In this exclusive one-on-one, we unravel the complexities of texture tendency: Threads in Manila as explained by exhibit curator, Carlos Quijon Jr.
Did the experience of the pandemic in any way inform this exhibit? And conversely, why is something of this sort necessary despite the obvious limits in movements?
I think any exhibition developed and mounted during this time is informed by the pandemic—some not as evident as others. Since this iteration relied on collaboration between artists and poets, there were limitations on what kinds of collaboration are possible and even what forms of thinking and working together can be achieved. On the flipside, since the pandemic has made in-person collaborations the exception rather than the rule, working with Floraime who is based in Zamboanga City became easier in this sense to imagine and manifest. I think mounting a project like Threads is very apt during these times. On the one hand, it is a travelling show that foregrounds the possibilities in collaboration, which in the time of the pandemic has been rendered precarious and even life-threatening. On the other, the persistence of projects like texture tendency asks us to re-imagine and rethink what collaboration or mobility has to offer our ways of thinking about and relating to each other and the world, to think about what makes collaboration ever more necessary in a time wherein everyone has been forced into their own solipsistic bubble. This is not to pander to the thinking that art is important. More so the exhibition asks us to consider the structures and the labor involved in supporting artistic activities and how these create spaces wherein support assumes more palpable and material stakes and effects. In other words, it was important for me to push through with the exhibition because it clarified the importance of support and collaboration during this longest running pandemic.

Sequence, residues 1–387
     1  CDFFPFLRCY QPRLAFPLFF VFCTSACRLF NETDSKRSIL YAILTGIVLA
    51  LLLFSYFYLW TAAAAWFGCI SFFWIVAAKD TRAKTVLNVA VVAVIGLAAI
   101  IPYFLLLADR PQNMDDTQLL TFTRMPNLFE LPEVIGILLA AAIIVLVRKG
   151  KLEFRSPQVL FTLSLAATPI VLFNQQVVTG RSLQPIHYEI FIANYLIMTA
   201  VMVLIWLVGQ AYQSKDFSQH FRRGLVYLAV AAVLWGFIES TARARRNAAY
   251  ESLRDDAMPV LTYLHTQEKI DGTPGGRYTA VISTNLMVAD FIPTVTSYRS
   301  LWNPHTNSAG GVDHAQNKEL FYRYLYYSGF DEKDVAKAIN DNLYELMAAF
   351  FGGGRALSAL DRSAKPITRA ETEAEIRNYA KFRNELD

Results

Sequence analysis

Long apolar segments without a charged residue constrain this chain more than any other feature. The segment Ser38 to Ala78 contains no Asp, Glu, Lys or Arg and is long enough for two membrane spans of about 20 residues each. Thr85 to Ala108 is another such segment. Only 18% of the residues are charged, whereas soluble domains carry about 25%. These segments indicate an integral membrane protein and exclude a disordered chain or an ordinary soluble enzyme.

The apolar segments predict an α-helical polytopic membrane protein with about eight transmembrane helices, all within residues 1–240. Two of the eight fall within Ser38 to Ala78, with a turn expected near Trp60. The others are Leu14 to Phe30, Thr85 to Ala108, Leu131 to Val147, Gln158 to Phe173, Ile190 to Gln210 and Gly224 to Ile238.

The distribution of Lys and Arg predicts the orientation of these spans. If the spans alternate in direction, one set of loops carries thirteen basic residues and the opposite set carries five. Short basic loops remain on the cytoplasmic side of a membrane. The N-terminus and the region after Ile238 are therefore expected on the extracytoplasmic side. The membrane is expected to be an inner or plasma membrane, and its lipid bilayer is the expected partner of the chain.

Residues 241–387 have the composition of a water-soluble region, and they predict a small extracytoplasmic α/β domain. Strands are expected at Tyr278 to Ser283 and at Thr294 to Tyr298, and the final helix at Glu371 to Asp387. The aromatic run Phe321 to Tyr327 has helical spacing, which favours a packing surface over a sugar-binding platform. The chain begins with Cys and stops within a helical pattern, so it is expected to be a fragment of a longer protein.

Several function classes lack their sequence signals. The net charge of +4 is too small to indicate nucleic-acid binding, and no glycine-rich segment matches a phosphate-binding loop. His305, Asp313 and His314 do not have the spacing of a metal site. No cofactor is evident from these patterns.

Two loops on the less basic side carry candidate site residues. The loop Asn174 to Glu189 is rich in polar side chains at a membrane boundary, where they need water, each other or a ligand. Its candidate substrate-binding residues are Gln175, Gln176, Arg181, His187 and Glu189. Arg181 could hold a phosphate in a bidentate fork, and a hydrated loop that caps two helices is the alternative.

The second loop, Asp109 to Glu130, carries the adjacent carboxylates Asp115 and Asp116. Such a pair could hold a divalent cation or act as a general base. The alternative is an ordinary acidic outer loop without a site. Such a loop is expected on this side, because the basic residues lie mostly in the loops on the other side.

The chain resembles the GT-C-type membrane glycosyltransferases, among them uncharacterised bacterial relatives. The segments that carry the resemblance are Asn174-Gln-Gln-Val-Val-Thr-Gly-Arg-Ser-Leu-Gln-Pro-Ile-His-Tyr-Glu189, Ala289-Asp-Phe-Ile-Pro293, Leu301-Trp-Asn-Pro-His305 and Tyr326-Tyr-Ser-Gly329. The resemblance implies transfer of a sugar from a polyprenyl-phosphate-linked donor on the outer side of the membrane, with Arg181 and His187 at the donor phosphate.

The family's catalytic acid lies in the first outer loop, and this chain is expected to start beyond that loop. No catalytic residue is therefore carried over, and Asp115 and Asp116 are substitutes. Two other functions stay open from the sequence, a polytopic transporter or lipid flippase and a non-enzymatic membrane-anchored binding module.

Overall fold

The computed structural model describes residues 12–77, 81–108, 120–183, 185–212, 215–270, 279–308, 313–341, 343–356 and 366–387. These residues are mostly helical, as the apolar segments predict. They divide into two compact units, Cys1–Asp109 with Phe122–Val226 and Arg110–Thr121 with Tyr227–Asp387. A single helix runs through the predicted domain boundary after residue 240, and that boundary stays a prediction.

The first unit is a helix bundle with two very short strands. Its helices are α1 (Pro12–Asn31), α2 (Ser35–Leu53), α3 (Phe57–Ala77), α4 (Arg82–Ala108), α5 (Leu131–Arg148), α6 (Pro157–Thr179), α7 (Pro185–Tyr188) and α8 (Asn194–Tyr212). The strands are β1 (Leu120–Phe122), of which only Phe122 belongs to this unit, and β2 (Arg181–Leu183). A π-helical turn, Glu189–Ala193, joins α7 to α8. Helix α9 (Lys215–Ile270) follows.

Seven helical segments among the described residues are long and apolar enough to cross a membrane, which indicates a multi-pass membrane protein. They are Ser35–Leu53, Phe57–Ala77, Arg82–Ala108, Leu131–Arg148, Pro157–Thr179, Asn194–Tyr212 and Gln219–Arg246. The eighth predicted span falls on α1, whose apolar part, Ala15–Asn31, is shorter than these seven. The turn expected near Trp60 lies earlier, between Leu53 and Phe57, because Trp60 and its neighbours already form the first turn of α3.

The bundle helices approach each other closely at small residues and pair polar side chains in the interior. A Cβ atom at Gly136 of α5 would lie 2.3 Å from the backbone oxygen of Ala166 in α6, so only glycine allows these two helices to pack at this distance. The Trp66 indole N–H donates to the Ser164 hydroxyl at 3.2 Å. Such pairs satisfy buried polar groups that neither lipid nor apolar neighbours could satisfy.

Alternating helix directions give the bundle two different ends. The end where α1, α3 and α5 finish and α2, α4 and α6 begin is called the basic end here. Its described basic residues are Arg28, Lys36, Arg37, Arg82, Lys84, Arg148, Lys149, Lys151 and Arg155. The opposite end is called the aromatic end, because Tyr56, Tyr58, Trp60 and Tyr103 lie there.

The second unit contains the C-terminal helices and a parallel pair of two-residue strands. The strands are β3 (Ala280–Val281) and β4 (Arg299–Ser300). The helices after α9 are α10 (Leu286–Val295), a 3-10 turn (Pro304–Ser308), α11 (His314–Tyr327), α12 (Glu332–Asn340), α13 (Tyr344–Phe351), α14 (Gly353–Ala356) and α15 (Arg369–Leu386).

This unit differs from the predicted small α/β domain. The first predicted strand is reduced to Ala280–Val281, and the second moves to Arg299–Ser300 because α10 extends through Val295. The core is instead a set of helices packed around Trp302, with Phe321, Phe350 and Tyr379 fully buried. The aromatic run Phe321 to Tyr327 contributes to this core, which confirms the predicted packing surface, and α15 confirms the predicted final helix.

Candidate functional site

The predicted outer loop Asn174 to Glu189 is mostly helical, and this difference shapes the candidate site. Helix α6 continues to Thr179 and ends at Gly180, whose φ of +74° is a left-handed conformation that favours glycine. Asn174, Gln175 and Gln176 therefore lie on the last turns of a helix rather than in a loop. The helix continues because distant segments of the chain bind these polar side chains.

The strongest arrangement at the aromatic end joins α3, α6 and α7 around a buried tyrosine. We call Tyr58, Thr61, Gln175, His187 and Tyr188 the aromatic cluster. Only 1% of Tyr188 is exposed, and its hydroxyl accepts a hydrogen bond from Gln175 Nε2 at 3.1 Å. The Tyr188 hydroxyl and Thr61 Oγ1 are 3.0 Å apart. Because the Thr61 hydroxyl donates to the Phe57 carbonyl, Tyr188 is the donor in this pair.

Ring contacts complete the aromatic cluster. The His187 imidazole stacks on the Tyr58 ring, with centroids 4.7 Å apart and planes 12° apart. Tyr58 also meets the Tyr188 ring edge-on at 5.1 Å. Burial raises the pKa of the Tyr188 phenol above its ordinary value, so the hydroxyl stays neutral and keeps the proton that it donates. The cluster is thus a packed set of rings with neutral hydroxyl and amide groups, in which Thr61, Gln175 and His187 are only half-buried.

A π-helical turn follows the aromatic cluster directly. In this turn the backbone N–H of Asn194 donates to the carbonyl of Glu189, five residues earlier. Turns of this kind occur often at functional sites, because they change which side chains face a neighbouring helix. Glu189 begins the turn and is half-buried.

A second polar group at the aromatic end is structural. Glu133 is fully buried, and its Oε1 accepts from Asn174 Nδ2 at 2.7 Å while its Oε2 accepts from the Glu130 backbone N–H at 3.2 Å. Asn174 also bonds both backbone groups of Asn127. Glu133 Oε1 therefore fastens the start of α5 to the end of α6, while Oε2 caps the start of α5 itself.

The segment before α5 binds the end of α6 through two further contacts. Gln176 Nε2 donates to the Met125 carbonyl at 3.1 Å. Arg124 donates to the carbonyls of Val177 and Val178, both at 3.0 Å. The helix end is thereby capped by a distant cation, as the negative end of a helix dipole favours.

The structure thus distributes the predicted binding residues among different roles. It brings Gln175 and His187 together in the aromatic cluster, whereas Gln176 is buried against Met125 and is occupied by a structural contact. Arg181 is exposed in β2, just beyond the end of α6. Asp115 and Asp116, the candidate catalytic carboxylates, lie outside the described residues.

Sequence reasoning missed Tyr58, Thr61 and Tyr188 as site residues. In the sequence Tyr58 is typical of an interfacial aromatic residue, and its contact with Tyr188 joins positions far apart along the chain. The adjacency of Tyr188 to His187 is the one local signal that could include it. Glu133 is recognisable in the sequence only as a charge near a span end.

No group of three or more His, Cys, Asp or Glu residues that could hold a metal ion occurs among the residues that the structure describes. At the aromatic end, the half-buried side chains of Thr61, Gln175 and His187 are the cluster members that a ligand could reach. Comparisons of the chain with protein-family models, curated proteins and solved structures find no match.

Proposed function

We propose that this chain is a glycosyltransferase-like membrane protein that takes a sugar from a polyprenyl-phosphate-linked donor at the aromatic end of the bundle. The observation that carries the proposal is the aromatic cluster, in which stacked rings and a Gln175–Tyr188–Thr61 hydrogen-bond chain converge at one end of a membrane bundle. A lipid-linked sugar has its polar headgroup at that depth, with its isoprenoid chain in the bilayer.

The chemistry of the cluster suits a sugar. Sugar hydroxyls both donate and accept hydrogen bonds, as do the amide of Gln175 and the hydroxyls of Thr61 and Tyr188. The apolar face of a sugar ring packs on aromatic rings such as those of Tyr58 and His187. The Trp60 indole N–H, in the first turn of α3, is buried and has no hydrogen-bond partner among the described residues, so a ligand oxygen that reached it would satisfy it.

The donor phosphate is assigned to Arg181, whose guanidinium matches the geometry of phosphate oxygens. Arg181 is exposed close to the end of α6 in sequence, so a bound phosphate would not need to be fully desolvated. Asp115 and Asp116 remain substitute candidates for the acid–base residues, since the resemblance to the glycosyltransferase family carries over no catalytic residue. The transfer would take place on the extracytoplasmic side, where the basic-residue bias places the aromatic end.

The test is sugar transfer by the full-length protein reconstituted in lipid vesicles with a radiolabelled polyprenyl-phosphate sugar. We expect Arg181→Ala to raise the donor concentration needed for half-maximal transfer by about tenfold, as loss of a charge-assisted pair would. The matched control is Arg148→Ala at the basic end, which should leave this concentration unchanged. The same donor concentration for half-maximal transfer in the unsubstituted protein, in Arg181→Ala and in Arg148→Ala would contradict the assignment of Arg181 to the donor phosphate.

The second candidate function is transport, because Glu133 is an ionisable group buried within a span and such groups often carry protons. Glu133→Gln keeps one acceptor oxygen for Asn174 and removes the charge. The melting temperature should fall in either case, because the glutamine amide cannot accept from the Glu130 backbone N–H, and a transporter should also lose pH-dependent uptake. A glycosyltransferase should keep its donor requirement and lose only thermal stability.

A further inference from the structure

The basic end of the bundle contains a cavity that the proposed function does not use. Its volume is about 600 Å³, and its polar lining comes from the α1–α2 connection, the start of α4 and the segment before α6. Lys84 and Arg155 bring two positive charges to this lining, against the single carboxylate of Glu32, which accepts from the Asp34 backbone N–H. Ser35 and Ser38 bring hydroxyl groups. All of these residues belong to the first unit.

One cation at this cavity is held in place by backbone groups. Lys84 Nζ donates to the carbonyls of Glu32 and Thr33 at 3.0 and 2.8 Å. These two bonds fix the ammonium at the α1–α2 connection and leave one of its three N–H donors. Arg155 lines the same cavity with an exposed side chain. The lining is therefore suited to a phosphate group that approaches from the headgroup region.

There is a conscious predilection for young queer and women artists in the selections. Why was this important, and in the context of the art scene, why is this collection of points-of-view significant to the progression of culture in the country?
In my experience, the more exciting and sensitive propositions about contemporary life come from women and queer and trans artists and thinkers, from artists who live in places outside Manila, who are not formally trained, who refuse to inhabit a position of expertise or exceptionality as artist or poet. I refuse to think about this in terms of a general landscape involving the progression of the culture of the country, since for me that abstracts the intervention of these artists and traps them within the bounds of the national when these practices respond to various scales and coordinates of culture. The work of King Llanza for example employs an idiom attuned to the global crisis on climate. Floraime Pantaleta, meanwhile, weaves together different languages which disperse what we know as the “culture of the country.” What I can say is that the exhibition as a context benefits from these polyphony of points of view and the proliferation of approaches to artmaking. At this point, any attempt at exhibition-making that does not consider this will inevitably just tell us what we already know.